The Board has interpreted Section 725.412(b) as only requiring the district director to send valid notification of a claim to the operator; notice does not have to be additionally sent to the carrier. Osborne v. Tazco, Inc., 10 BLR 1-102 (1987). The Sixth Circuit, however, interprets Section 725.412(b) as requiring the district director to send valid notification of the pendency of a claim to both employer and carrier. Warner Coal Co. v. Director, OWCP, 804 F.2d 346, 9 BLR 2-158 (6th Cir. 1986), rev'g Slaton v. Pyro Mining Co., 8 BLR 1-39 (1985); see also Slaton v. Pyro Mining Co., 12 BLR 1-100 (1987), reversed on other grounds sub nom. Pyro Mining Co. v. Slaton, 879 F.2d 187, 12 BLR 2-328 (6th Cir. 1989). Consequently in cases arising in the jurisdiction of the Sixth Circuit, the Board requires the district director to send valid notification of the pendency of a claim to all parties whom the district director reasonably considers to be interested parties. Abner v. Caudill Const. Co., 11 BLR 1-88 (1988), vacated and remanded on other grds Caudill Const. Co. v. Abner, 878 F.2d 179, 12 BLR 2-335 (6th Cir. 1989).

Considerable attention has been given to the issue of the proper procedure for appeals of purely discretionary determinations by district directors. The Board has held that the purely discretionary acts of the district director are properly reviewed by the Board in the first instance. Whary v. Bush Coal Co., 11 BLR 1-150 (1988)(en banc) (McGranery, J., concurring)[decision by the district director as to the existence of good cause for failure to timely controvert the claim properly reviewed in first instance by Board]; Osborne v. Tazco, Inc., 10 BLR 1-102 (1987); [good cause for failure to timely controvert]; Sharber v. Zeigler Coal Co., 8 BLR 1-143 (1988)[good cause for failure to timely respond]; Duke v. United States Steel Corp., 7 BLR 1-914 (1985)[action by district director granting or denying an extension of time].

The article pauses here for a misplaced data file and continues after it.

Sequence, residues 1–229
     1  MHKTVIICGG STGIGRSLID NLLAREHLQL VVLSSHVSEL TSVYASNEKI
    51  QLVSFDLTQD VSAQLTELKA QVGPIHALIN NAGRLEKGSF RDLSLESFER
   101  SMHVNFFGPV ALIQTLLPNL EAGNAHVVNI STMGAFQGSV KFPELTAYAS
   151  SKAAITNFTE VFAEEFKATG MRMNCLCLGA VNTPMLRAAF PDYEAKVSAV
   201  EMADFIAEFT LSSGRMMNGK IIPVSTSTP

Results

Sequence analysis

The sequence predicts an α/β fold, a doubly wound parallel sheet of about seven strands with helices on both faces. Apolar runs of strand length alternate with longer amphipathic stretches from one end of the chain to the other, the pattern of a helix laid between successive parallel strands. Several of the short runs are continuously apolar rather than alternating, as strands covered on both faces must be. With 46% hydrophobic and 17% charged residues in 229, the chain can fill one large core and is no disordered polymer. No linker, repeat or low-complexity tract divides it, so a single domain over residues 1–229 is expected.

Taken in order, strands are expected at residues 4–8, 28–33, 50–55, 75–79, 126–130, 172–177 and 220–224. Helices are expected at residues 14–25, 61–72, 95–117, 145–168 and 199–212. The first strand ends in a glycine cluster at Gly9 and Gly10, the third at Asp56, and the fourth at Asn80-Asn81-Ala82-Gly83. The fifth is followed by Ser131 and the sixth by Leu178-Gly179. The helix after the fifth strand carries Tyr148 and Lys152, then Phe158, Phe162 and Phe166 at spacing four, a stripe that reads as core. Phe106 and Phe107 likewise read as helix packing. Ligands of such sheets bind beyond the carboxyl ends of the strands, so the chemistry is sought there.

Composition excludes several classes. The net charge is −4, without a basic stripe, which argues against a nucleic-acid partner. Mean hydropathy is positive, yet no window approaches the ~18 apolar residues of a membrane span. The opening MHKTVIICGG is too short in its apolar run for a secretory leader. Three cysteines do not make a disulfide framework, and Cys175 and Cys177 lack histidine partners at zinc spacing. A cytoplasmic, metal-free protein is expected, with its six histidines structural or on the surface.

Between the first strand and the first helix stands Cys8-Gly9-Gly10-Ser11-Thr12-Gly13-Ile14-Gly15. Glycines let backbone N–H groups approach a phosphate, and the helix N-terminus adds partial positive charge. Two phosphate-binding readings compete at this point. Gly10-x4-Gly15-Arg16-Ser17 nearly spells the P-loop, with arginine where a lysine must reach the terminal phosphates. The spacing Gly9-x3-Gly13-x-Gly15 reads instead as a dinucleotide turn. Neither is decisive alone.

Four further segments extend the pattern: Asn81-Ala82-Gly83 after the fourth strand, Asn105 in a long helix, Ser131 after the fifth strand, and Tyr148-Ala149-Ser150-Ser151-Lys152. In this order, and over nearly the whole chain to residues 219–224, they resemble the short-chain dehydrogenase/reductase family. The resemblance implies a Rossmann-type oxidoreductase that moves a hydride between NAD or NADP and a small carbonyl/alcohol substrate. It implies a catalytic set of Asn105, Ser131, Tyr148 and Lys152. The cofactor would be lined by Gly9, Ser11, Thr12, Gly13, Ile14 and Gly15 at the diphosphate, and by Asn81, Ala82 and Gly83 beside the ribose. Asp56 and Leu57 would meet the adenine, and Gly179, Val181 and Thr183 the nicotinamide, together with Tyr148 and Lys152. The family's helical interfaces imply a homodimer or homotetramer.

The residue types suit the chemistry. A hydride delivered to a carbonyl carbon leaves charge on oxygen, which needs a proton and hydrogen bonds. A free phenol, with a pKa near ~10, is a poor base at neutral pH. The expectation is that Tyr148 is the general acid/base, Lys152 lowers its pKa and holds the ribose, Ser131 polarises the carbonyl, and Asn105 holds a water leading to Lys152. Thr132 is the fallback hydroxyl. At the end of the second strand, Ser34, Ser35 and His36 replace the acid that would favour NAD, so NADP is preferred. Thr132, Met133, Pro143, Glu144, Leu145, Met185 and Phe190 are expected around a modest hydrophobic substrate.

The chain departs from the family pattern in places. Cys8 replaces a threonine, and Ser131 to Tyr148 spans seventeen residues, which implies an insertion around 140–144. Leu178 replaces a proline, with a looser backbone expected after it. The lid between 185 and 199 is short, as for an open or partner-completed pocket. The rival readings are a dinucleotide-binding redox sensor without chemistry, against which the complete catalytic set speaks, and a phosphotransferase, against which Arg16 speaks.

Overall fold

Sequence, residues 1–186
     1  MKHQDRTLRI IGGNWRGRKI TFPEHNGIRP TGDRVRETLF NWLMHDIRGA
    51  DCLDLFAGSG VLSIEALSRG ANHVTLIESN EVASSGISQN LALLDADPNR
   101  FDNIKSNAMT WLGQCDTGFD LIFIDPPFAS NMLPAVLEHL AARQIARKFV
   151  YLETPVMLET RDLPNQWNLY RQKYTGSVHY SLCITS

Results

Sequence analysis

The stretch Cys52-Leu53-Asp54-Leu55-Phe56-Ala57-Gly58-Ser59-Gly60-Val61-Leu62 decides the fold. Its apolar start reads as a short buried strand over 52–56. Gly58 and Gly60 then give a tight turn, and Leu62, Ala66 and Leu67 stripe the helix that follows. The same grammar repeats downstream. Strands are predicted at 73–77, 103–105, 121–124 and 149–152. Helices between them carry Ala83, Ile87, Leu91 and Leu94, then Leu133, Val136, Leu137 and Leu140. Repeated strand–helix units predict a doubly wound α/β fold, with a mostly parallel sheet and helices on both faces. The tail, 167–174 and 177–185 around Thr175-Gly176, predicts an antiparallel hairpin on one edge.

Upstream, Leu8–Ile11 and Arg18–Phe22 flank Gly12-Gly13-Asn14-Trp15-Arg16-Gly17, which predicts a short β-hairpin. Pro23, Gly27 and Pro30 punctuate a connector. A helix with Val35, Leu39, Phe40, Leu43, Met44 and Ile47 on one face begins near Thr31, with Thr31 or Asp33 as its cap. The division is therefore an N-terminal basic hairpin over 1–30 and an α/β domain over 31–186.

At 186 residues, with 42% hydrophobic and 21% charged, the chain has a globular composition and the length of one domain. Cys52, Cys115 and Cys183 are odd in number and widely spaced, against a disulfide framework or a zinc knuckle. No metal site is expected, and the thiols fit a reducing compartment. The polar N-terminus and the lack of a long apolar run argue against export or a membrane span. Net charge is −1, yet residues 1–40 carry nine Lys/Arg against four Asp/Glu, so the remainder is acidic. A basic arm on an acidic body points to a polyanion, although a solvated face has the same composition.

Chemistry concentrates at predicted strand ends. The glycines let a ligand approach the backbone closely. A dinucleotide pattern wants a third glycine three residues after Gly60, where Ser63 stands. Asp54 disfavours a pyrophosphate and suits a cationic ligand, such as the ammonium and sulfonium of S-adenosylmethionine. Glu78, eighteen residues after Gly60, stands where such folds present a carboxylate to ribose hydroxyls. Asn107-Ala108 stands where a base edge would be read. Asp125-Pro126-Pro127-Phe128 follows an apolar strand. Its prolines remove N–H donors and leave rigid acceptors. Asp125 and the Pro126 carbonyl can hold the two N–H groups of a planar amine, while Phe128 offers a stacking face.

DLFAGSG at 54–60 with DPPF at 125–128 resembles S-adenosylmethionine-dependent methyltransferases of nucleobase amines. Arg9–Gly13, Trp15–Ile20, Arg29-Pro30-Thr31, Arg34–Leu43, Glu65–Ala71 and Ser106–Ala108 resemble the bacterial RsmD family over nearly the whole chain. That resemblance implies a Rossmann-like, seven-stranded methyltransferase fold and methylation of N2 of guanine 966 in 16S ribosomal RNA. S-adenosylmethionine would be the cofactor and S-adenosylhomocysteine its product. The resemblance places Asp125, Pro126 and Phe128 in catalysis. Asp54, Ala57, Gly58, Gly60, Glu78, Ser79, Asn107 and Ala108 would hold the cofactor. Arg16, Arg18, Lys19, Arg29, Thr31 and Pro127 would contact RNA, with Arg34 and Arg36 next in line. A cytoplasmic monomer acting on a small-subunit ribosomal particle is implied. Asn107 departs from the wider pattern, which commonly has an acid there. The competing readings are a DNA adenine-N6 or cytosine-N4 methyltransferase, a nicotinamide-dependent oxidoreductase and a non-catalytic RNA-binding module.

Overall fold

The Sixth Circuit in Pyro Mining Co. v. Slaton, 879 F.2d 187, 12 BLR 2-328 (6th Cir. 1989), reversing sub nom. Slaton v. Pyro Mining Co., 12 BLR 1-100 (1987) and Saylor v. Warner Coal Co., 12 BLR 1-205 (1988)(McGranery, J., concurring and dissenting), held, however, that it is within the jurisdiction of the administrative law judge to review the district director's conclusion as to whether a party has established good cause for failure to timely controvert a claim. In the instant cases, the Court held that the administrative law judge had jurisdiction to determine de novo whether the petitioners received adequate notice or established good cause to excuse the late filing of controversion, thereby reversing the decisions of the Board in Slaton v. Pyro Mining Co., 12 BLR 1-100 (1987) and Saylor v. Warner Coal Co., 12 BLR 1-205 (1988) (McGranery, J., concurring and dissenting). See Part IV.A.4.g. of this Desk Book for further information on these cases and, on controversion in general. Thus, in the Sixth Circuit good cause determinations by the district director are to be reviewed by the administrative law judge before being appealed to the Board.